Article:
Now I really liked the character of Hope. She is determined for someone so young, and whilst you may question her behaviour and the decision she makes, there is absolutely no doubting her love for her partner, Isaac, and for her daughter. You know she is a woman who would sacrifice everything for her child and alongside her family, she is a wonderfully colourful and rounded woman you cannot help but like. Anna is a very different kind of mother. Quite staid – stoic even – her husband, Julius, is a complete arse, egotistical, misogynistic and interested in only his career, and there are many times I wanted her to tell him to jog on. She is far stronger than she appears and I developed a real respect for her as a character, for the way in which she handles the situation she finds herself in. It is far from enviable in spite of the privileges she enjoys, but whilst I was initially unsure about her, about the way in which she was portrayed, she most certainly earned a place in my heart.
There are other characters on the periphery of this story, but it is hard to talk about them without giving away too much of the story. I will say that Mike Thripshaw really brought the humour to the story, even if it was unintentional on his part. The constant misquoting and mixing of sayings – ‘wolves in cheap clothing’ for one example – but it kept what could have been a very tough subject light, funny. It made me chuckle anyway, especially when he had a run of wrong sayings, all those old catchphrases we so commonly mishear. And then there is Minnie. Hope’s daughter, destined to follow in her mother’s footsteps, but the person who brings Hope and Anna together a tragic and unexpected way. i really liked Minnie, liked her spirit, her passion and the very beautiful and honest relationship she has with Hope. She has been raised to have a good heart, rather ironic given the way the story plays out.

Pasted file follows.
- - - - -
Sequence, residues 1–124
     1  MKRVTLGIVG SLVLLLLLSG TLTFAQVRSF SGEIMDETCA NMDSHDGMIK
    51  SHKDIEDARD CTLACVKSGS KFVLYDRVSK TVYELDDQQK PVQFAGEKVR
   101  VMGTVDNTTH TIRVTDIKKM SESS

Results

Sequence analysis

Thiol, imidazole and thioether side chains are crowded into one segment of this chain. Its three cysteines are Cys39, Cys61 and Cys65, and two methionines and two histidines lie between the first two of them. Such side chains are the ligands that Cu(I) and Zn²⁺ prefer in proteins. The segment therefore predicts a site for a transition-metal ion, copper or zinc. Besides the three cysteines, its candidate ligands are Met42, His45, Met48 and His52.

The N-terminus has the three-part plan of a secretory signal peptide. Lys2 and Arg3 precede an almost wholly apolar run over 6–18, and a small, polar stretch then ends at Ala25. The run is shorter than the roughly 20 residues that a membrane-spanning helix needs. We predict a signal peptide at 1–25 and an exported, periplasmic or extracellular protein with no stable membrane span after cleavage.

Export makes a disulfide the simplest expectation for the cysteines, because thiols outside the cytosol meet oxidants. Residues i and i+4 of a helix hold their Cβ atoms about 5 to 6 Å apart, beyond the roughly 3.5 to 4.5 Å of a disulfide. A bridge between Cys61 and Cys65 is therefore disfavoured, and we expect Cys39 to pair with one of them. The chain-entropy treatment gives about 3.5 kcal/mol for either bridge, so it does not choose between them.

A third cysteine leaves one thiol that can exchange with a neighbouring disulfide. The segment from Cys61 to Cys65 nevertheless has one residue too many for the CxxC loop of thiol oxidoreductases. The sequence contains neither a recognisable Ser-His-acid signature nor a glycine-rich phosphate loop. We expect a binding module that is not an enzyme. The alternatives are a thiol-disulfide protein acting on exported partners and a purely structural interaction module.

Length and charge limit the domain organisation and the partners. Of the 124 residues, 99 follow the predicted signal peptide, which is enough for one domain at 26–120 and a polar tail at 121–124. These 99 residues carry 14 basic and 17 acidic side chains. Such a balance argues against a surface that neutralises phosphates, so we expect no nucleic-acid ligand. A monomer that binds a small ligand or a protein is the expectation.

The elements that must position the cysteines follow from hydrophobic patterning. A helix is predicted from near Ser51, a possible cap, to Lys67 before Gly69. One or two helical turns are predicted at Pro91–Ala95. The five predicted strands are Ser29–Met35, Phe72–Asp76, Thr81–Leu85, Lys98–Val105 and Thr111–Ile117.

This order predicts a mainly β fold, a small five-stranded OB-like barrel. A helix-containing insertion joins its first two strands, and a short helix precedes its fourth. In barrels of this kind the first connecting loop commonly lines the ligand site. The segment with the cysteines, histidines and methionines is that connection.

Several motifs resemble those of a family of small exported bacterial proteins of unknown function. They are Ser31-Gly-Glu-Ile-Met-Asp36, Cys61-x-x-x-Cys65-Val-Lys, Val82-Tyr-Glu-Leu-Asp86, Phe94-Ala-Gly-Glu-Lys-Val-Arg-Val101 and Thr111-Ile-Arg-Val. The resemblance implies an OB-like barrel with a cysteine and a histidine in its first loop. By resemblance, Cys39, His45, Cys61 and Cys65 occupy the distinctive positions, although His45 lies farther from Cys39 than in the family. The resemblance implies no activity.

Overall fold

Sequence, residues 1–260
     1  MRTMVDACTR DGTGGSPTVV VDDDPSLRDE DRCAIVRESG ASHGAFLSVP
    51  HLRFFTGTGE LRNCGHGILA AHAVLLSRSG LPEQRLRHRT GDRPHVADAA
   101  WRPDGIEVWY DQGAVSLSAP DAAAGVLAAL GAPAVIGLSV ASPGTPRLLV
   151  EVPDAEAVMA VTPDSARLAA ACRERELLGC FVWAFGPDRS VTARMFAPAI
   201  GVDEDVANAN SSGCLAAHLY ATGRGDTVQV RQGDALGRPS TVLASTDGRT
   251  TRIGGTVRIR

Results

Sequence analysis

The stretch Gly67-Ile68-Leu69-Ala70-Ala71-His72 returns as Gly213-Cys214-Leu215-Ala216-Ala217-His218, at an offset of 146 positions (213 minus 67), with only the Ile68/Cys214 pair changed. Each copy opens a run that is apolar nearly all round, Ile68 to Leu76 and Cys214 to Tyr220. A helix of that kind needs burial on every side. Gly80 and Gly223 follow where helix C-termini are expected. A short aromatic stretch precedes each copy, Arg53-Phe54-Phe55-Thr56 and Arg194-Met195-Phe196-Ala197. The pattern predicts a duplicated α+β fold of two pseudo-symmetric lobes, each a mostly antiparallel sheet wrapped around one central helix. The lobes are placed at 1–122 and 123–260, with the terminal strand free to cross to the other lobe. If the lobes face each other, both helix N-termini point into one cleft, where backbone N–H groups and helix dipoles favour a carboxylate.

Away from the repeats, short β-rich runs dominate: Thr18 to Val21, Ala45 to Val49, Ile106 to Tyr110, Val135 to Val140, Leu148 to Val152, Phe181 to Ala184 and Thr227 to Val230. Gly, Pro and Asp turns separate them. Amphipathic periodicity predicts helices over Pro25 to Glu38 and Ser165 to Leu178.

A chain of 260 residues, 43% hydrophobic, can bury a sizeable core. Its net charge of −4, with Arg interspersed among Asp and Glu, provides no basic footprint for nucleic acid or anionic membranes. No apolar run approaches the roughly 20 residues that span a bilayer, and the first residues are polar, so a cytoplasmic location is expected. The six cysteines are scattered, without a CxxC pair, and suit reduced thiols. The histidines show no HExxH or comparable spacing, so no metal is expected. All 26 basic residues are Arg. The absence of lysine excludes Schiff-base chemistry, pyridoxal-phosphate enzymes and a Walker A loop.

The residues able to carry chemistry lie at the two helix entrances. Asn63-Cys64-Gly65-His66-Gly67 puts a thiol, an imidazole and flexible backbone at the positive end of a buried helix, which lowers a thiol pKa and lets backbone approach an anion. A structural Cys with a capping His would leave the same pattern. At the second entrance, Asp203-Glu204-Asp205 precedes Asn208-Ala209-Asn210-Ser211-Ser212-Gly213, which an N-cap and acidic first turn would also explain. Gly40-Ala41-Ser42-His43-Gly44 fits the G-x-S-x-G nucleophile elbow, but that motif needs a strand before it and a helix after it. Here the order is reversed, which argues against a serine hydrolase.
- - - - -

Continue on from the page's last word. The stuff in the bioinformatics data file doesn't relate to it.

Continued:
This is a book full of humour, love, fun, tragedy and moments of real poignancy. It’s a story where a bad decision is made but where you will find it hard to condemn the person for making it, or for what follows. Everything that you witness in the book is driven love, especially what happens in the final chapters. Be prepared that you may need tissues because in those dying pages Dawn French elicits such a reaction from the reader, creates such heartfelt emotion in Hope’s letter to Minnie, that is it a hard heart who won’t be moved by what they read. A mother’s true love for their child, the ultimate gift and a decision as monumental and dramatic as the one which started the whole story. This is a quick book to read but it packs one heck of a punch and I am very glad I read it. If you like to read a warm, funny, emotional book then I definitely recommend you pick this one up. You won’t be disappointed.
About the Author
Dawn French has been making people laugh for thirty years. On purpose.
As a writer, comedian and actor, she has appeared in some of the UK’s most long running, cherished and celebrated shows, including
French and Saunders, The Comic Strip Presents …, Murder Most Horrid, The Vicar of Dibley, Jam and Jerusalem, Lark Rise to Candleford, and more recently, Roger and Val Have Just Got In.